EPS vs. PDF: EPS files are Encapsulated Postscript. Postscript was the programming language that told the printer how to image the file. Early on it was used for typesetting. Fonts were loaded as a set of vector characters and Postscript knew how to image the fonts. Graphic software allowed the other elements to be drawn as vectors as well. Way back in the day we had crappy printers that printed at low resolutions – at best 300 dots per inch – dpi. Output Bureaus had very expensive imagesetters that could print at 2400 dpi. Postscript allowed up to design with our crappy Postscript printer and then pay the Output Bureau to image it at high resolution on their expensive Postscript printer – often to film used to make printing plates. Postscript was the glue that made this work. Both printers printed with the same imaging software. EPS files were little snippets of code representing images that we could embed into our layout software – usually they were graphic elements like logos among the text.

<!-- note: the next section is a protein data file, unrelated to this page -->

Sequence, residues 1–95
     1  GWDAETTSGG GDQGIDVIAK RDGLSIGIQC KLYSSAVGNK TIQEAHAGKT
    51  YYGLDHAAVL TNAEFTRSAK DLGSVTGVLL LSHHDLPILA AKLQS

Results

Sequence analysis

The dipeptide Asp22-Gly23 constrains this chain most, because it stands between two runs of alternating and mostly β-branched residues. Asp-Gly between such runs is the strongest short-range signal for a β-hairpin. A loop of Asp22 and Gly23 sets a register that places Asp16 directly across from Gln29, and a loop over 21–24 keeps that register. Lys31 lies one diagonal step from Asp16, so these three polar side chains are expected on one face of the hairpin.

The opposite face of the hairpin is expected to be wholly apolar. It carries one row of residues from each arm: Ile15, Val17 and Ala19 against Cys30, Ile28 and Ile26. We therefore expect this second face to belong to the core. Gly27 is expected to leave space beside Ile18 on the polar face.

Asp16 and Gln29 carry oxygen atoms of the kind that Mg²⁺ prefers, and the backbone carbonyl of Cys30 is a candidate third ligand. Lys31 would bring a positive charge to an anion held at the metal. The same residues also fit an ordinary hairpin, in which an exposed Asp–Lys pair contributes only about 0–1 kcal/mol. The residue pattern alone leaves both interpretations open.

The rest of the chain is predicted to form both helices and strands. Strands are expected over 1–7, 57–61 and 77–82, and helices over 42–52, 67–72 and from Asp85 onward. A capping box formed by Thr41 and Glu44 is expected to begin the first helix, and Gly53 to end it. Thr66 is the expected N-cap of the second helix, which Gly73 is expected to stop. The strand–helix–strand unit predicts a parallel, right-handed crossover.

PDF Workflow: PDF files are Page Description Format files. While EPS represented graphic elements – PDF represents multipage documents. This format was initially used to package documents for the web – but grew more robust to allow for whole magazines. PDF has largely replaced EPS in the graphic industry – although they share a lineage. While an EPS file is all the graphic elements in a file – the PDF allows for multipage documents and the page size – or artboard – is used as the edge of the graphic page. Incremental improvements to programs like Illustrator have added multiple pages and have slowly eliminated the need for EPS files – although they are still useful when making large documents with small graphic elements.
As you will see below – vector files are very small and light duty files and have been the backbone of the large format industry.